where <password> is the key store password you chose when prompted by openssl. You may of course set those properties at runtime by calling System.getProperties().put(key, value) (in Java) or sys.props += key -> value (in Scala).

Provided that the certificate of secure.server.com is signed by a trusted CA, the steps so far are enough to get up and running. However, if the server’s certificate is a self-signed one, you need an additional step, which is telling JSSE to trust the self-signed certificate.

Custom trust store

We’re going to achieve this by creating a trust store containing the certificate of the CA (the untrusted one) which signed the server’s certificate. But where do we take the CA’s certificate from? Once again openssl comes to the rescue. After executing

openssl s_client -connect secure.server.com:443 -showcerts < /dev/null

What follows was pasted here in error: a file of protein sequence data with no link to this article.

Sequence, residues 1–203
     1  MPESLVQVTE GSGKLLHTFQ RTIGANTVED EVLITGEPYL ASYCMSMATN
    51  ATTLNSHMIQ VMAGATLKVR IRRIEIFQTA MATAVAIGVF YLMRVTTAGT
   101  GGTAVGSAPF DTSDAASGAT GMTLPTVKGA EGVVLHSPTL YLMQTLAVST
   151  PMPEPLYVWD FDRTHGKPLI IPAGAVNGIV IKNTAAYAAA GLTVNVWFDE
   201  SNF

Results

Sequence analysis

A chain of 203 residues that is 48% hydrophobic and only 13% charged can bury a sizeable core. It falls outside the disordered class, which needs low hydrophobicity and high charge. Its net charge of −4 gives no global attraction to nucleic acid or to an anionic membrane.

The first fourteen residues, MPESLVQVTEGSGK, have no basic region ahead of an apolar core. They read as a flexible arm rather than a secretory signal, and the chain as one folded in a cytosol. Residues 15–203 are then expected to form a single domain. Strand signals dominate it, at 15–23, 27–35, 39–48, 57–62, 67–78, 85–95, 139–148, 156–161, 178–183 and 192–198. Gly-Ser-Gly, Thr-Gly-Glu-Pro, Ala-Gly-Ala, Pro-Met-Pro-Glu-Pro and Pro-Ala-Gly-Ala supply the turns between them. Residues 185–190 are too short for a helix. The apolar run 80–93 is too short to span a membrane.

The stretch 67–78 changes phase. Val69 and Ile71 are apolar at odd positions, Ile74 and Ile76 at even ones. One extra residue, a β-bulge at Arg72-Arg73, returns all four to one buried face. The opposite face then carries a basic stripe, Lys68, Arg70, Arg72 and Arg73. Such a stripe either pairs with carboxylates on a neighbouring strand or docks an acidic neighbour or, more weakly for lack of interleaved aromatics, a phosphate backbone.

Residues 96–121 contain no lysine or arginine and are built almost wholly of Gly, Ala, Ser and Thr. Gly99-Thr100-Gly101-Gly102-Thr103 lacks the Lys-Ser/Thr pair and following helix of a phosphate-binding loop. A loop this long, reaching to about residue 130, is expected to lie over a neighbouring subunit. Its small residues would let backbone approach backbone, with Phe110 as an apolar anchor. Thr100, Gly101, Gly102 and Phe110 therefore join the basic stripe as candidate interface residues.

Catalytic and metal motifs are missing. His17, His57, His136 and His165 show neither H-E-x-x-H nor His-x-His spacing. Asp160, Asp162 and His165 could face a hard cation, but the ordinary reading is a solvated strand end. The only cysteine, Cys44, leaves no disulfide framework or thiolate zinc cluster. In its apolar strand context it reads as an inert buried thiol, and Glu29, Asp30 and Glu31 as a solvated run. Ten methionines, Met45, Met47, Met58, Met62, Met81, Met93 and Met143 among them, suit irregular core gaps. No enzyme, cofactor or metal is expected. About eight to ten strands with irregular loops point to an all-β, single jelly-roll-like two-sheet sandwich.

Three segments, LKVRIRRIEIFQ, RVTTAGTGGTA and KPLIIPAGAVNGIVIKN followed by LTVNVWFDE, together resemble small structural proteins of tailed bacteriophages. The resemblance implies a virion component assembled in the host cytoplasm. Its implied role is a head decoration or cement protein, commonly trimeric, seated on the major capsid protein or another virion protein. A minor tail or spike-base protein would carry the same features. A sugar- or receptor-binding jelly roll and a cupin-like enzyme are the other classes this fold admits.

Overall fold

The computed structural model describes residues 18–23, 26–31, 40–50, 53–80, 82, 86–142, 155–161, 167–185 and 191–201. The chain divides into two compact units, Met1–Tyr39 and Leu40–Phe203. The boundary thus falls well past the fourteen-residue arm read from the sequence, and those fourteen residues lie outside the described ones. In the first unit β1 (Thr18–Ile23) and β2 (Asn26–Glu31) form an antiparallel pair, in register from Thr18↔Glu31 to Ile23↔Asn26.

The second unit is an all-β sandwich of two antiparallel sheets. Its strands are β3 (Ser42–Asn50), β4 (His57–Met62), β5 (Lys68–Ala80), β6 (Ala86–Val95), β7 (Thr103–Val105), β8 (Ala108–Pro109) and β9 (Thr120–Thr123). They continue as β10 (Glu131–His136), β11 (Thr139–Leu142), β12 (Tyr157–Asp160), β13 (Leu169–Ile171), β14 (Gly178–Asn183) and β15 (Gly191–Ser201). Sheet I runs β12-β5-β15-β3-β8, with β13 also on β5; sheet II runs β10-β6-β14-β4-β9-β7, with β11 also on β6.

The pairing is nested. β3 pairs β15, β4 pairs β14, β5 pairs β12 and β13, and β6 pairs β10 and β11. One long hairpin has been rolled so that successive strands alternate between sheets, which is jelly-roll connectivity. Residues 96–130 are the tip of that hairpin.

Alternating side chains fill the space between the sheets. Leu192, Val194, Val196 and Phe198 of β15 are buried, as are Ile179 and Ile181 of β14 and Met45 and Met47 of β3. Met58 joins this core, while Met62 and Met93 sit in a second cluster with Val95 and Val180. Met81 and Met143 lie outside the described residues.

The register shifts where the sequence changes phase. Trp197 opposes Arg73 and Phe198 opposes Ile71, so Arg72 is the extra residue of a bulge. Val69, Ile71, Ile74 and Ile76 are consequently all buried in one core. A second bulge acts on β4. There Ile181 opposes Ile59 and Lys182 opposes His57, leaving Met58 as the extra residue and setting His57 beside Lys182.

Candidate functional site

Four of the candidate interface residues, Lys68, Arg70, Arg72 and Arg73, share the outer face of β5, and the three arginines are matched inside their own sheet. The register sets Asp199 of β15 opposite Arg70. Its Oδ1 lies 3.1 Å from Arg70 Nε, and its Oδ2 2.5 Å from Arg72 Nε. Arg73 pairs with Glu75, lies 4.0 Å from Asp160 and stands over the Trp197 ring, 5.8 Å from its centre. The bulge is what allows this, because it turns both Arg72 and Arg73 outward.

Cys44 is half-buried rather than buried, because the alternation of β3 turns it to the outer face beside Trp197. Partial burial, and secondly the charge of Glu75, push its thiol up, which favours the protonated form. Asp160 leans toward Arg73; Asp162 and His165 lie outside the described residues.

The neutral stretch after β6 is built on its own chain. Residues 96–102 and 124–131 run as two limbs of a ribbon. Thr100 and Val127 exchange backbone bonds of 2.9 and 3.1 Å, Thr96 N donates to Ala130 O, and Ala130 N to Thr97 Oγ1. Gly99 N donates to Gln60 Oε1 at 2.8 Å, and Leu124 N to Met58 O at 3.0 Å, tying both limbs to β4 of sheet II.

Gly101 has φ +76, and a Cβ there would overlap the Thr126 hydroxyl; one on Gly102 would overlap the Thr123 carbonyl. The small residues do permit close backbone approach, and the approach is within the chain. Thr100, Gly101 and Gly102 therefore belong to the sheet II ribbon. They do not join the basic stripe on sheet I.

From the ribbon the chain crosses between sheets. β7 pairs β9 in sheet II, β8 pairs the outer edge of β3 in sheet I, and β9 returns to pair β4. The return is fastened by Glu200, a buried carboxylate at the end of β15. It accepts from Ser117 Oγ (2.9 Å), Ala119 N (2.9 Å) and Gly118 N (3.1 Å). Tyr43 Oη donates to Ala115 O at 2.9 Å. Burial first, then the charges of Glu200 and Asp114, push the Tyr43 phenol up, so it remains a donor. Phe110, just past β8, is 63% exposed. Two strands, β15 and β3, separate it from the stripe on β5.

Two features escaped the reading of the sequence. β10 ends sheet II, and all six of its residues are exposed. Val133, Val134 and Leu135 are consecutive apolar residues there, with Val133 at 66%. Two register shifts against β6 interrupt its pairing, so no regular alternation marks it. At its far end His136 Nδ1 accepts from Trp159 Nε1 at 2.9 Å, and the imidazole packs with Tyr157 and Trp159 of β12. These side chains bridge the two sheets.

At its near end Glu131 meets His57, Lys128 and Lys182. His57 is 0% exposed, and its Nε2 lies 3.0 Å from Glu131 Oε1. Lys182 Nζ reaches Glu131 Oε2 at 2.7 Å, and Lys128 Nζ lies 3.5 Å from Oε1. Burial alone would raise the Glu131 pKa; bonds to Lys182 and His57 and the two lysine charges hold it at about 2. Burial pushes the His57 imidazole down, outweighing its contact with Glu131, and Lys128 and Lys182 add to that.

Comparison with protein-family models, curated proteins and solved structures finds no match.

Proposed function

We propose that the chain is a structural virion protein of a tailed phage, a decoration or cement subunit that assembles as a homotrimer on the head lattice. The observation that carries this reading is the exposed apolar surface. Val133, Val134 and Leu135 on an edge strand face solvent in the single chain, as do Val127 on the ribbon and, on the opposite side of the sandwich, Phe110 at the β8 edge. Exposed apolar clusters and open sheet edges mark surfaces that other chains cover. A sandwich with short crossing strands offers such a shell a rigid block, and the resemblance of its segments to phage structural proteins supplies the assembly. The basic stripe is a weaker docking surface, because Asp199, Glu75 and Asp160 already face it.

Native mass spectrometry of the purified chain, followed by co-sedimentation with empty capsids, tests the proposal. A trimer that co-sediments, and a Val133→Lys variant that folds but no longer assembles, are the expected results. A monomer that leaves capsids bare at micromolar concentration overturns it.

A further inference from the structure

you’re going to see - among other output - a number of certificates in the PEM format, i.e. something like:

  (some Base64 content)

You’re interested in the last certificate in the sequence, which is going to be the CA’s certificate - you need to save it (including the BEGIN/END CERTIFICATE lines) into a file, e.g. ca.crt.

Now it’s time to decide whether you want to import the CA’s certificate into the global JSSE trust store or just to create a local trust store with a single certificate. The global trust store contains certificates of trusted CAs like VeriSign/Symantec, so it’s necessary if you want to connect to most of the well-known servers like google.com. The tricky part is that when you tell JSSE to use a custom trust store, it won’t be using the global one anymore, so you will only be able to connect to servers whose certificates are signed by the CA in the custom trust store.

Therefore, you have three options to choose from:

  1. Extend the global trust store by importing the untrusted CA’s certificate into it. This is the easiest solution, but you need to remember that it will affect all applications running on the given JVM, i.e. all of them will trust certificates signed by the CA in question.

  2. Make a copy of the global trust store and import the CA’s certificate into the copy, then use the copy as a custom trust store in your application. In this case your application will be able to connect both to the well-known servers and to secure.server.com.